Reader Question – Separation Anxiety

Dear Kate,
My little boy is 2 and every now and then decides that for 5 minutes he’s terrified of one of his loved ones. He can be excited for papa coming home then when papa walks in the door he runs away screaming in hysterical terror. Or be playing with my parents happily. Then suddenly refuse to even look at them and starts acting “scared.”
He can cry for me in the mornings then when I open the door flee bashing into walls and screaming in terror. He’s rarely out of my sight. I would never hurt him nor would anyone else. He’s been treated with nothing but love and has no reason to fear these people. He’s not shy by nature but very confident.
And 90% of the time adores his family. Then this. It’s hard not to be hurt. I don’t know why he does it or what to do. I’ve tried making a game but he gets more hysterical. Tried kissing it away but he needs space, and attacks me. It does pass after a few minutes but it’s not good for anyone while it lasts as he runs into things and could hurt himself. Any advice gratefully received, From ‘E’
Dear ‘E,’
thanks for your message. It sounds like your son is experiencing sudden bursts of separation anxiety. Often our children use normal, everyday safe situations, to ‘pin’ their fears on them, so they can have the chance to express and heal from them. It can seem strange to us when our child has a great relationship with their father/grandparents etc.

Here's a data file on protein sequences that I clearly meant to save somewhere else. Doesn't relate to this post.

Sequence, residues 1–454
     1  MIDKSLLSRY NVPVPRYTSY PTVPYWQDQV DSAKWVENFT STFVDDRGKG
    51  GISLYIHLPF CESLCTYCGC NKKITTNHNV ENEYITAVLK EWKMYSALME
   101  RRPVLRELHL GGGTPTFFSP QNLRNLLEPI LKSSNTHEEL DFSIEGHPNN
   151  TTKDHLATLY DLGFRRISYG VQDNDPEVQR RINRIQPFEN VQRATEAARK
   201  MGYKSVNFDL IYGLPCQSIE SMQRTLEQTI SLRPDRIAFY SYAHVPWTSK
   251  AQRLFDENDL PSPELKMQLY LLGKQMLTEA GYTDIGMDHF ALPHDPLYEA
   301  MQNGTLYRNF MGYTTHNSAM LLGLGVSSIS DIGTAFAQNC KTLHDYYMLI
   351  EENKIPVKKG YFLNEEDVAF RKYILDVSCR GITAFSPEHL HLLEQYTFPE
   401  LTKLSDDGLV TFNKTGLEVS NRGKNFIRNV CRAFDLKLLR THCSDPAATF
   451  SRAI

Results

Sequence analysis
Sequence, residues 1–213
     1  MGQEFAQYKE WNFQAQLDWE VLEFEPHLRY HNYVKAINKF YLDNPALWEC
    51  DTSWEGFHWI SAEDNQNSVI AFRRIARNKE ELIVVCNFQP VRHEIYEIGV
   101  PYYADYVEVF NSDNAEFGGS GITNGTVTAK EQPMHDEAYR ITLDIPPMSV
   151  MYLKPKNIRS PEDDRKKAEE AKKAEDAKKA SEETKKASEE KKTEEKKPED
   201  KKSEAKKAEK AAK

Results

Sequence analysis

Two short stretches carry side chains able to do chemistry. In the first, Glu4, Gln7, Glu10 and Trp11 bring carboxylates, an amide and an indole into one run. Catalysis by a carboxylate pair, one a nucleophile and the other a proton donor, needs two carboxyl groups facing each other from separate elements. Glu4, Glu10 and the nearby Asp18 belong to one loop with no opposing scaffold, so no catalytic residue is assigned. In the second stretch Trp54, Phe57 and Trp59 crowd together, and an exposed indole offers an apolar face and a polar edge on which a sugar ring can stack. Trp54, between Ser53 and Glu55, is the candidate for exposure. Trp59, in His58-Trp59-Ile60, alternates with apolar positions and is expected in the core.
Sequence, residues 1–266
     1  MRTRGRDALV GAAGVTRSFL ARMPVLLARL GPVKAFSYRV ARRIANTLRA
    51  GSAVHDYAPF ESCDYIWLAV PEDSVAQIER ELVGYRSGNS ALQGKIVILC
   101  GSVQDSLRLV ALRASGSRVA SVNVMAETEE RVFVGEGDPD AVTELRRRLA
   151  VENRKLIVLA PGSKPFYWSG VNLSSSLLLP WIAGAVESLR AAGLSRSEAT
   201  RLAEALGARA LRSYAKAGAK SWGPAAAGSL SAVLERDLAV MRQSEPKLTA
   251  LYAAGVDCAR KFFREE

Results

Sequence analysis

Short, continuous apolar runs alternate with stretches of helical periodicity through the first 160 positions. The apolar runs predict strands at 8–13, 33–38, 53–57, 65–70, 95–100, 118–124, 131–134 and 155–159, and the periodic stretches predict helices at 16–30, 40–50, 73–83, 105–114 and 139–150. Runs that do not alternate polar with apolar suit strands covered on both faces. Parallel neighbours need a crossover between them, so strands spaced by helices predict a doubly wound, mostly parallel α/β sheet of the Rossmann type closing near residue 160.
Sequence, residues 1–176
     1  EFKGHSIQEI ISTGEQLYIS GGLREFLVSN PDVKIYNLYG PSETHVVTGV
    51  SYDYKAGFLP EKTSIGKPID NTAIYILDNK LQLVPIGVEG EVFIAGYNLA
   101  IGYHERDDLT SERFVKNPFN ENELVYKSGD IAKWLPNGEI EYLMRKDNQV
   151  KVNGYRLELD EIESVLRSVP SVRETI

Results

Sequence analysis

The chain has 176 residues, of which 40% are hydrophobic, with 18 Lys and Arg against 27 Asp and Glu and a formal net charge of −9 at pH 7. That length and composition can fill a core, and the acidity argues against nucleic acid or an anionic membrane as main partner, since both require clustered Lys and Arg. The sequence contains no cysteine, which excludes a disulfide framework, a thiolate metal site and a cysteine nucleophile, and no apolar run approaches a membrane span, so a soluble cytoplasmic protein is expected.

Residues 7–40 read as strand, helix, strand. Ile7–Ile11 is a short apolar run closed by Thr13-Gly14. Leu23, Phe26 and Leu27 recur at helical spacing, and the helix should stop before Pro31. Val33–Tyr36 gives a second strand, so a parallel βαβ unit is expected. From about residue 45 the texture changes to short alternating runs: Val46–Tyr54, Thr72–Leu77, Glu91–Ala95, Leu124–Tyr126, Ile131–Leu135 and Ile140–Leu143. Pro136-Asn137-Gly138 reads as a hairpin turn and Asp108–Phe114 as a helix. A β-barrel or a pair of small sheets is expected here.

Separation anxiety is a normal part of all children’s development. It can also be related to
our child’s early life, and if they experienced any stress or difficulties.  For example stress in pregnancy, a difficult birth, or medical intervention that involved separating from the parents, even for a brief time can cause strong separation anxiety.
Hand in Hand parenting has five tools that can all be used to strengthen connection with our children and that can help reduce separation anxiety. Reading the Hand in Hand parenting booklet set, and putting all these tools into practise can really help.
As you noticed play in the moment of upset didn’t work. So I’d focus on staying with whatever emotion comes up for your son in that moment (rather than trying to shift away from that emotion). So if he’s crying or angry just try staying close, and listening to the upset. This can help your son to process the feelings behind his outbursts. This is the Hand in Hand parenting tool of staylistening.
Here is a story about when my husband came home from work, and my daughter was suddenly afraid of him. She was much younger than your son, but the listening principles are still the same.
At other times when your son is happy or fine, and in a playful mood you might want to try some of these playful games games to heal separation anxiety.
 You might also like to read this article Helping Children Conquer Their Fears.
I hope this helps. Feel free to get in touch, and let me know how it goes!
Would you like a Hand in Hand parenting solution for your family challenge? Leave me a comment or use the contact form here

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